Stever Robbins said...

... by the way, regarding Dems vs. Repubs: "tax and spend" (Dems) is at least more honest than "borrow and spend." (Repubs)

When you tax and spend, you feel the pain immediately. So you can immediately decide if the tradeoff is worth it.

Borrow and spend is much, much worse. It lets you get used to a higher standard of living than you can afford. And on top of that, "borrow and spend" increases next year's budget by the interest on the accumulated debt.

Since 1982, we've accumulated seven trillion dollars in debt by borrowing and spending (virtually all under Reagan, Bush I, and Bush II). Now, 9% of each tax dollar every year goes to pay interest on that debt (source: budget report). So when the Repubs cry "Tax cuts!!" all I can think is: "yeah, right. And even MORE of each dollar next year will be going to pay off last year's foolish expenditures."

The problem is the "and spend" part of both parties. Dems spend on social programs. Repubs spend on the military. Both spend on Medicare and Social Security. Since it's pretty clear spending is going on no matter what, I'd rather see the money spent on programs that help me live a comfy life (e.g. six weeks' maternity leave and/or child care for new mothers) than on war.

(For the record, we live in the safest country in the history of the world. Bordered on both sides by oceans, and by Canada and Mexico elsewhere. We've had only two successful terrorist attacks on our soil in history, one by Timothy McVeigh, our own citizen. Yet a surprising number of Americans believe we must spend a trillion dollars a year on defense to be safe. Sigh.)

Anonymous said...

"In summary: a finance neophyte could tell real-estate was in trouble, and the world's richest man sounded the warnings about the complex derivatives and repackaging thereof for years. Why anyone in the finance community is at all surprised by this is way, way beyond me."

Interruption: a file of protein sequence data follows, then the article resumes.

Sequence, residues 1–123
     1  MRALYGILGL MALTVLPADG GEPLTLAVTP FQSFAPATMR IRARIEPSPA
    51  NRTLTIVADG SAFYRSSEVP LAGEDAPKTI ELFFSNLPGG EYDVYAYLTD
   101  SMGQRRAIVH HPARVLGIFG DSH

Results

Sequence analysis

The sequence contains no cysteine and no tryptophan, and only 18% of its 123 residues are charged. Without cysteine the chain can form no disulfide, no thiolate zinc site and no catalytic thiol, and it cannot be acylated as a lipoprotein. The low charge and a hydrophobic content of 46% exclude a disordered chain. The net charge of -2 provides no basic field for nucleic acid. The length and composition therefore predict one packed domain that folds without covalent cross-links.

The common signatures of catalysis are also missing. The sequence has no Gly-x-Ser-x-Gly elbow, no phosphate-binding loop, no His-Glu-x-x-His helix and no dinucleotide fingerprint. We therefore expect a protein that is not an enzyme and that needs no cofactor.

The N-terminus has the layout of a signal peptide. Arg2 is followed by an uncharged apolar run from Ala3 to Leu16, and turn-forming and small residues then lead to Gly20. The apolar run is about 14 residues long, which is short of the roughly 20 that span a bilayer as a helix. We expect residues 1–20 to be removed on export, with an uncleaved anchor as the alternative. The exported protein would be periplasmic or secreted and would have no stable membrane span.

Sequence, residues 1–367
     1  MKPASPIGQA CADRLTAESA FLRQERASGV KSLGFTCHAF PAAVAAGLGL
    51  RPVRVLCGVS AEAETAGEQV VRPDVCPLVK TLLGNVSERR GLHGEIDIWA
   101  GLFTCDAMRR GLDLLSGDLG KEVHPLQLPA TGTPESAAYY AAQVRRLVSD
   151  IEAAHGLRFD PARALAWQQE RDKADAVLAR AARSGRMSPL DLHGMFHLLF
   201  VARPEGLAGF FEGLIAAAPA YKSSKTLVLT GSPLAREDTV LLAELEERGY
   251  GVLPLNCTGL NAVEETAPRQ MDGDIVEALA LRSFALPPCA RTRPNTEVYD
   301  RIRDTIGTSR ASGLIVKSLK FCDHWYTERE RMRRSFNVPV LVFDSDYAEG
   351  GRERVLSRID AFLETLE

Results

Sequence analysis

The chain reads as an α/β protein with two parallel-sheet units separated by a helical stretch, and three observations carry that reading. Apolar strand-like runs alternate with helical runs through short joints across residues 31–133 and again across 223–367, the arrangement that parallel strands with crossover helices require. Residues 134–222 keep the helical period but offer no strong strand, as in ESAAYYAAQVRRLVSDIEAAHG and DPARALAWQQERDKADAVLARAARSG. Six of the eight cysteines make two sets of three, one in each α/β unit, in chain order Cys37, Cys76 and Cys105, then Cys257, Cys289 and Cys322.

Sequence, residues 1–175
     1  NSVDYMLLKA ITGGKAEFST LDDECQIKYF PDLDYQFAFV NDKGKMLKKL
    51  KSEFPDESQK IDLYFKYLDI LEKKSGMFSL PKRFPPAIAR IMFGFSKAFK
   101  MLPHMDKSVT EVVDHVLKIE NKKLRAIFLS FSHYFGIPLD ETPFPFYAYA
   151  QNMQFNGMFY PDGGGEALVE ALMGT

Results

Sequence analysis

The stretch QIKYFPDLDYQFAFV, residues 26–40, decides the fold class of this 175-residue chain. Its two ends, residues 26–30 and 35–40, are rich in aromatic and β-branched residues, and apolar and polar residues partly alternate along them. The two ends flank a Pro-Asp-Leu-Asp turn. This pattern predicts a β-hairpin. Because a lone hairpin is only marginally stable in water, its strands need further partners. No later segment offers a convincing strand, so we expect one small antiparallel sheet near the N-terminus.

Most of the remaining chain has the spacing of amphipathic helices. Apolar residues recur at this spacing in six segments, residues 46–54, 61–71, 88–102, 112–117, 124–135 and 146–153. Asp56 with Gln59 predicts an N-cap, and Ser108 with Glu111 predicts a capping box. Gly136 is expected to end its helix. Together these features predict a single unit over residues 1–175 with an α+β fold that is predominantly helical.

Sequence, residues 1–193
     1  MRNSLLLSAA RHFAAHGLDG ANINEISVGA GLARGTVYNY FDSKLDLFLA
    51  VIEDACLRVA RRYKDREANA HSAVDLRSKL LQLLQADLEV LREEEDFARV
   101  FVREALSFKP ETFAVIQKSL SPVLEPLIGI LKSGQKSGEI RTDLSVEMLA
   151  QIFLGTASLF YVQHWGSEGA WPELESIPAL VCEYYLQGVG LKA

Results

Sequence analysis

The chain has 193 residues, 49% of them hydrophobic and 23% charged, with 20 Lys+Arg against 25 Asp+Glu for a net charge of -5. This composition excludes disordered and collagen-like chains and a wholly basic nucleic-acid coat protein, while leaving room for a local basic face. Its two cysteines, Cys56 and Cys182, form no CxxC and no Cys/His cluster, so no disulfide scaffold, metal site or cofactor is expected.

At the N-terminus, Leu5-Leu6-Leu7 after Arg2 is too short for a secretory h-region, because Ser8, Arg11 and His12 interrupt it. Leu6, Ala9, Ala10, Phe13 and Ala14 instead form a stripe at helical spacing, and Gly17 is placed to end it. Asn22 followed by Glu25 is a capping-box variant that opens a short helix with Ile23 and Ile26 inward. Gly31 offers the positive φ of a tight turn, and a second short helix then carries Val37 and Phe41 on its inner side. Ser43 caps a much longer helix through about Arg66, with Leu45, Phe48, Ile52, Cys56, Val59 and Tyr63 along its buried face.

Stever, it wasn't that they didn't know the meltdown was coming, they were hoping it would not happen on their watch. It was musical chairs. Make the money and run mentality. Also, the EURO is posed to take-over the dollar as the world's currency. The EURO was created just for that. Since the gold standard was taken away, there has been no trust in the current currency and less in the dollar. Hasn't everyone been noticing the gold ads on TV? They are popping up for a reason. Yes, America is still the safest country in the world. Mostly due to our geography. America never had a standing military before WWII by the way.

Anonymous said...

Mr. Salerno:

Wall Street brokerage houses are run by democrats, not republicans. What one US senator received the most money from Fannie Mae and Freddie Mac and their executives? That would be the junior Senator from IL - Sen Obama.
The democrats get their money from Wall Street, Hollywood, Labor unions and trial lawyers.
The republicans get their financing from defense contractors, agriculture, non-union industry (companies that outsource), and petrochemical companies.

The republicans can't run on their record - so they have to run against congress. The democrats can't run on their record, so they have to run against Bush.

Anonymous said...